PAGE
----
2. Florida State (9-2, 1-0) beat Stetson and Loyola Marymount this week to continue their winning ways.  They have games at Hawaii and Auburn (go ahead and chalk that one up) before heading to Virginia Tech to continue conference play.
  3. Boston College (9-2, 1-0) beat Bryant 93-77 in their lone game of the week.  Should be interesting to see how this team holds up in conference play.
  4. North Carolina (8-4) gets a boost in the ratings for playing a talented Texas team very close.  After watching the game, I literally have no idea why Roy Williams continues to play Larry Drew II at point instead of Kendall Marshall.  Marshall played much better than Drew II, but still only saw significant playing time when Drew II was sidelined with foul trouble (it’s no coincidence that the Tar Heels lost the lead when Marshall went out).
  5. Georgia Tech (6-4) got a much needed win over Richmond this week.  The Yellow Jackets still look like they’re very much on the wrong side of the bubble, but beating a team that looks like a contender in the A-10 is a quality victory.  Now a win this week against Siena would give Paul Hewitt another good win against decent mid-major competition.
  6. Virginia (8-3, 1-0) soundly beat Oregon and eked out a win over Norfolk State without the aid of Mike Scott who is averaging team best 16.3 points and 10.4 rebounds a game.  For the Cavaliers to be relevant, they desperately need Scott’s production.
  7. Virginia Tech (6-4, 0-1) took care of business in the Bahamas this week.  Now they need to sustain this level of play.
  8. Miami (8-3) lost a tough game against Central Florida this week.  The Hurricanes struggled with foul trouble inside with Reggie Johnson and Julian Gamble fouling out in 16 and 25 minutes, respectively.  Central Florida is undefeated so far, but the Hurricane defense was vulnerable with Johnson and Gamble playing very limited minutes.  Keep an eye on their foul trouble in ACC play.
  9. Maryland (7-4, 0-1) didn’t play this week, but they have three cupcakes before continuing conference play at Duke.  The Terrapins really need Sean Mosley to step up and give them a more consistent second option beyond Jordan Williams.  They are still a leaderless team right now, so winning close games (or games on the road) will be pretty difficult.
  10. N.C. State (7-4) missed out on a huge chance to add a resume victory over Arizona this week, and Tracy Smith’s absence in the paint was evident.  The Wolfpack and Sidney Lowe really need Smith’s production and ability to open up the floor for jump shooters.
  11. Clemson (7-4, 0-1) won two creampuff games this week with Demontez Stitt in recovery. Jerai Grant had two excellent games off the bench.
  12. Wake Forest (6-6) continues to struggle.  Here’s to hoping that Tony Chennault has the answers.

A Look Ahead

Finals are over!  That’s good news for everyone–especially college basketball fans.  We still have a couple more uninteresting weeks before conference play really begins.  Probably the best chance for good games comes from Florida State, who will probably take on Butler (or Utah) and then most likely Baylor or Washington State in the Diamond Head Classic, a tournament that should give the Seminoles an opportunity to build their at-large resume.  All three match-ups are very intriguing because each team has shown significant defensive strength so far this season.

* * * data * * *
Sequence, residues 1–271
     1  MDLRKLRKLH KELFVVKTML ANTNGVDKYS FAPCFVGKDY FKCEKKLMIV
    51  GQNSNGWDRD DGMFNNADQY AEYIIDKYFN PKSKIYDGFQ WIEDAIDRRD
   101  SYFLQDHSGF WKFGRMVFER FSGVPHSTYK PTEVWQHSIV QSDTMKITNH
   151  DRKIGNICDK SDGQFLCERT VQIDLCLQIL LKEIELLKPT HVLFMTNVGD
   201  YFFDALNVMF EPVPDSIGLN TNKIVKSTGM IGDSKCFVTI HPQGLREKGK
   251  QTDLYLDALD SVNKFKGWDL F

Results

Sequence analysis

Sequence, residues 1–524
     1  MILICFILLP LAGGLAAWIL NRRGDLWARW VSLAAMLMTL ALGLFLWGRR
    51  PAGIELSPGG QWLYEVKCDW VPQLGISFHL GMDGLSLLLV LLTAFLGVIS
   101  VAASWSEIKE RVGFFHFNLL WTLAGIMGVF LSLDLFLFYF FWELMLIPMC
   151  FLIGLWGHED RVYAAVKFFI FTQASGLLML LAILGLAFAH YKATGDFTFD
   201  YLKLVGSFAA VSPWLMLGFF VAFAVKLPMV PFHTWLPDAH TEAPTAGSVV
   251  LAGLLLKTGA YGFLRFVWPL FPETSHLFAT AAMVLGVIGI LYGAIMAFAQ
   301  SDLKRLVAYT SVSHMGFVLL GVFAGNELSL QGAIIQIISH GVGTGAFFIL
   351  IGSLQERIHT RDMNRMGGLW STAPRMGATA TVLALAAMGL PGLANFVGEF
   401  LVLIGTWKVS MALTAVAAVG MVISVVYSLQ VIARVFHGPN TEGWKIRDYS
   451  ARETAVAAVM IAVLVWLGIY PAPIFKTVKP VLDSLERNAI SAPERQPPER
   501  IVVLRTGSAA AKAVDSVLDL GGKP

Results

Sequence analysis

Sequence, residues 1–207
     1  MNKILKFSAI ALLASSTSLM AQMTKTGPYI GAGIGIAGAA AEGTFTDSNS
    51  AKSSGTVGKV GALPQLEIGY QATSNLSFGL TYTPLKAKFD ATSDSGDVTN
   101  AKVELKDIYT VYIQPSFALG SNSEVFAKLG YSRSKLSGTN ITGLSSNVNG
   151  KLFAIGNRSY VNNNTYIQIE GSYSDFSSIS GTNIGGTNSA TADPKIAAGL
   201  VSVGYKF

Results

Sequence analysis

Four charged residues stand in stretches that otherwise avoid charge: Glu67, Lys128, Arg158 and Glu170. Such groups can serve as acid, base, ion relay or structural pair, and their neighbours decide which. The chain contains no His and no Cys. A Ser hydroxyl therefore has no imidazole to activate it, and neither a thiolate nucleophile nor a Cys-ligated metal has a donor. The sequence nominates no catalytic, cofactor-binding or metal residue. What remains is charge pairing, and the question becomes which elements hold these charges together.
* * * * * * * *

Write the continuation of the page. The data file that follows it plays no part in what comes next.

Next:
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Boom Goes The Dynamite: ESPN’s 24 Hours Of Hoops Marathon 2010

Posted by jstevrtc on November 15th, 2010

PUT. THAT COFFEE. DOWN.

For the third year in a row, ESPN is bringing us what we consider one of the great television events on the sports television calendar, the 24 Hours of Hoops Marathon. That means that for the third year in a row, I’ll be live-blogging the whole thing from start to finish — and this year, we’re climbing this hoops blogger’s Everest without supplemental oxygen. That is to say…I’m going caffeine-free. More importantly, here is the schedule of games for this year’s marathon (all times Eastern):

  • 12:00 midnight — Miami (FL) at Memphis (ESPN)
  • 2:00 am — St. John’s at St. Mary’s (ESPN)
  • 4:00 am — Central Michigan at Hawaii (ESPN)
  • 6:00 am — Stony Brook at Monmouth (ESPN)
  • 8:00 am — Robert Morris at Kent State (ESPN)
  • 10:00 am — Northeastern at Southern Illinois (ESPN)
  • 12 noon — Oral Roberts at Tulsa (ESPN)
  • 2:00 pm — La Salle at Baylor (ESPN)
  • 4:00 pm — Virginia Tech at Kansas State (ESPN)
  • 5:30 pm — Marist at Villanova (ESPNU)
  • 6:00 pm — Ohio State at Florida (ESPN)
  • 7:30 pm — Miami (OH) at Duke (ESPNU)
  • 8:00 pm — Butler at Louisville (ESPN)
  • 9:30 pm — Belmont at Tennessee (ESPNU)
  • 10:00 pm — South Carolina at Michigan State (ESPN)
  • 11:00 pm — San Diego State at Gonzaga (ESPN2)
  • 11:30 pm — Pacific at UCLA (ESPNU)

The first attempt at this resulted in some hallucinations and arrhythmias as the hour got late (I had been up for 16 hours before starting the live blog) and I required a few caffeine-laden beverages. Last year, we had a technical glitch that kept us on our toes, but the live blog survived. This time, to raise the standard yet again, I’ll be sans caffeine. I know that without a webcam (we’re not that kind of site) you have no reason to believe that I’m not pounding sodas and cappuccinos and Five Hour Energy drinks by the blender-full. Since I believe RTC is the only site that’s done this all three years, well…you’ll just have to trust me. After two years, I think our relationship is in that kind of place. I hope you’ll join us right here (the live blog will continue in this post) a few minutes before midnight. Now, for my pre-live-blog meal. How’s a little turkey and wine sound?